38. Chipper: Used for reducing materials (especially wood) to small chips.
  39. Electric Motor and Generator: For use in a wide range of electric propulsion and power generation applications.
  40. Hay Rake: A tractor attachment for raking hay and other light crops prior to baling.
  41. Induction Furnace: An electrical furnace for energy-efficient and precision controlled melting of metals.
  42. Metal Rolling Machine: For shaping metal into various forms.
  43. Nickel-Iron Batteries: Reliable long-life batteries.
  44. Plasma Cutter: For cutting materials using a plasma torch.
  45. Press Forge: For shaping metallic materials using high pressure
  46. Rod and Wire Mill: For shaping metal into shafts, thin bars, and wires.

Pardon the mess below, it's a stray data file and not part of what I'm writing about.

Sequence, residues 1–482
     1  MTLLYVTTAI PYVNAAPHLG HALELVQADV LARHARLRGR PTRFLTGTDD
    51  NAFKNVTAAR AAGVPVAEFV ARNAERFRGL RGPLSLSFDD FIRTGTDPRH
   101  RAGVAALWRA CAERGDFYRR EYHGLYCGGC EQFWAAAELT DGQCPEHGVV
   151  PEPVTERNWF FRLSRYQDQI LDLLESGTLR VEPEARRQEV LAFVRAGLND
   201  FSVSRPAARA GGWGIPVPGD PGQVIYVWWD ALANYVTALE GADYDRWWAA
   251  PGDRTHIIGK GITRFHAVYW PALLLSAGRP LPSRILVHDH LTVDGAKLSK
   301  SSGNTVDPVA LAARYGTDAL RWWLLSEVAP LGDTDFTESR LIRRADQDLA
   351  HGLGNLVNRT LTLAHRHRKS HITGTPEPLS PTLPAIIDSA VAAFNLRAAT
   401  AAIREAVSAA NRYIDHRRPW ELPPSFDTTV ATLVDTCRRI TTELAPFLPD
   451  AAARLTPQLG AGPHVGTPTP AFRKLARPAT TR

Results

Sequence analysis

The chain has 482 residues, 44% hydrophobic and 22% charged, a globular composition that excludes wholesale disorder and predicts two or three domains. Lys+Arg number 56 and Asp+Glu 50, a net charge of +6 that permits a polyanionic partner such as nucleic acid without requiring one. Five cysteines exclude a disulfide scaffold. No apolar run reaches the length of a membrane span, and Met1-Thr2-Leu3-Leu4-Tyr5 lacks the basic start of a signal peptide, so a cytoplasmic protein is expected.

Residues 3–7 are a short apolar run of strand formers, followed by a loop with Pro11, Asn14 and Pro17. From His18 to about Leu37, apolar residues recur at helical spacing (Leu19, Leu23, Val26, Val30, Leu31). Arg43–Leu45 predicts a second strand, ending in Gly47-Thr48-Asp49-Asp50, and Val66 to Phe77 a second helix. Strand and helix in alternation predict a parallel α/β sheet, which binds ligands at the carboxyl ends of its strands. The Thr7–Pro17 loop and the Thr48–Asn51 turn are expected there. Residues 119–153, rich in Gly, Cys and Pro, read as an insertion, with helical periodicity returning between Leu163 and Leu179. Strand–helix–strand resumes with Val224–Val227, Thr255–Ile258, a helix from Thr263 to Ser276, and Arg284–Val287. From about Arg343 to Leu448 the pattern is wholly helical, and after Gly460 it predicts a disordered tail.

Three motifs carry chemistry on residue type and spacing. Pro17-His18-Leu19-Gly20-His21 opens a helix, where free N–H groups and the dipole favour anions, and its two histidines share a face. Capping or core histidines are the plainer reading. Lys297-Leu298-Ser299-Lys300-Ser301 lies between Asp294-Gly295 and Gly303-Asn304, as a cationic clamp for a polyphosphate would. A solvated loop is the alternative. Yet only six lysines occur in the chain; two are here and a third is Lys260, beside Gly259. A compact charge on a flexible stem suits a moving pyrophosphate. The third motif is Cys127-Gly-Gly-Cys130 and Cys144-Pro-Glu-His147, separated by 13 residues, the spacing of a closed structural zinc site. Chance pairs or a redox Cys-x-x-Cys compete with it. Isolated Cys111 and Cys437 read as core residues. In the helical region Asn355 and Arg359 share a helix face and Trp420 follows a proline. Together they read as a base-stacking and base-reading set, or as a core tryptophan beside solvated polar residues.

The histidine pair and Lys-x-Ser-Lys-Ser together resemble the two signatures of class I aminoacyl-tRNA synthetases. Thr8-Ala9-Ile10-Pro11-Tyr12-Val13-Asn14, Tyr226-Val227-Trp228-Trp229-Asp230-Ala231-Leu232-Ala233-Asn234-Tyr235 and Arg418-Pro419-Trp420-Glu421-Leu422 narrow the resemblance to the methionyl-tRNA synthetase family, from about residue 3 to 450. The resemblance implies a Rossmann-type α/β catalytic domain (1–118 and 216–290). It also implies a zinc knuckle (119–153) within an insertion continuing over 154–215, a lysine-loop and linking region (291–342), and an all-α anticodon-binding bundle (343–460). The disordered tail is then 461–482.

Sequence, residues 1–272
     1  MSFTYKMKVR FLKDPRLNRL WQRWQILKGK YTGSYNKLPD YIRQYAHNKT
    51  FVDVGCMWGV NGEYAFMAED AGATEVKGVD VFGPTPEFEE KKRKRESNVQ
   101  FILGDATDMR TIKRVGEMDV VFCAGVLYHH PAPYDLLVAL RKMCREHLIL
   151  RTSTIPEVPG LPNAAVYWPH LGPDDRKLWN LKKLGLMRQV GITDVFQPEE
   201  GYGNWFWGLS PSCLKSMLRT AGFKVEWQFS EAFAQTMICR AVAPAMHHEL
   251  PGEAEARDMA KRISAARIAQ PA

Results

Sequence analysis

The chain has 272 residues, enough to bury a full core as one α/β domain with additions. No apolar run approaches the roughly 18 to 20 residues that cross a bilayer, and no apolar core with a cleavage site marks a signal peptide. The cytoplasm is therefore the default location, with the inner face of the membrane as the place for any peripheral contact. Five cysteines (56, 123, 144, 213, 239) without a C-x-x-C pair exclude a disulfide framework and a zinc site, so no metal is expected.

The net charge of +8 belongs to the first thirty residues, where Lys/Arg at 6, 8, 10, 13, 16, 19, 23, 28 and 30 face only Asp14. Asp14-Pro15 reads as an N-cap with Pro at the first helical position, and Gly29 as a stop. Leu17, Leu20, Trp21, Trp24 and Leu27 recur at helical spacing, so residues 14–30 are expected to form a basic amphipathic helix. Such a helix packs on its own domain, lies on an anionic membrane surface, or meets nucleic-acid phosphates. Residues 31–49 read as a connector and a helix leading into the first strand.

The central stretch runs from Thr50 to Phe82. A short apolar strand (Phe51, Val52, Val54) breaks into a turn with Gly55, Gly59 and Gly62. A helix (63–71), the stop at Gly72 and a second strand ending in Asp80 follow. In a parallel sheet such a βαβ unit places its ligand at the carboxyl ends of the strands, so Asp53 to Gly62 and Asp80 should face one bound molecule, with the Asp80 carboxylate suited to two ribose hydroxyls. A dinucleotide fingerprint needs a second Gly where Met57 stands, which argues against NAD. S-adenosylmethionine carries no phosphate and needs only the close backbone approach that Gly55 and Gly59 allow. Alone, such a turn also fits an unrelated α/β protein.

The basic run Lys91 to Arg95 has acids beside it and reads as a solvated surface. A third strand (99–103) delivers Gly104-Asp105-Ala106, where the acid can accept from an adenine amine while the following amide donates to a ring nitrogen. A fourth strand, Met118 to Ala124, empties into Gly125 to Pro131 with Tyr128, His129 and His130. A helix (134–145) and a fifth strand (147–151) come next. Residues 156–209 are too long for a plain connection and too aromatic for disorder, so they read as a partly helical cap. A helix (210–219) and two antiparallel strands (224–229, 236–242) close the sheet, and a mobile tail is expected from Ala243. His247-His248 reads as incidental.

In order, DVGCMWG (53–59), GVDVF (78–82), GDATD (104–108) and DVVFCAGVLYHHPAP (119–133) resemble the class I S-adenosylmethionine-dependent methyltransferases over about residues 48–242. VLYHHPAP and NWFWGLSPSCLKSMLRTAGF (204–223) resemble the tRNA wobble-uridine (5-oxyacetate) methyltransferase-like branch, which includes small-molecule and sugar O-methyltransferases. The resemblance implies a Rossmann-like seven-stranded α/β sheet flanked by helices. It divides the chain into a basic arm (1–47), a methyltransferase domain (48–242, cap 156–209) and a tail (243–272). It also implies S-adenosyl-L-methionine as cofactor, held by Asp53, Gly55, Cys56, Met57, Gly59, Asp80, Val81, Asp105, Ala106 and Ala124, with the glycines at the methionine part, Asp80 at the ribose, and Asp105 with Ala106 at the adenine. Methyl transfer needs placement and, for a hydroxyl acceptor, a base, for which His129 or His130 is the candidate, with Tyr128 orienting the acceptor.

47. Spader: Used for preparing soil for planting without the high levels of soil disruption caused by the rototiller.
  48. Universal Seeder: When pulled by a tractor this machine can plant the seeds of any crop at the desired spacing level.
  49. Dairy Milker: For milking livestock.
  50. Bakery Oven: A large oven for baking bread and other consumer food items.

How You Can Help

Full information about how you can get involved in supporting and helping the OSE project can be found on the official website. Here is an overview of the various ways that you can offer your support:

Becoming an OSE Developer

There are several different ways that you can get involved in the development of the open source tools needed to complete the Global Village Construction Set.

Students and designers can take part in the regular 'design sprints' organized by OSE. These are collaborative design sessions within a Google Hangout group. The design requirements and collaboration rules for each session are defined in advance, and each session generally lasts for a couple of hours.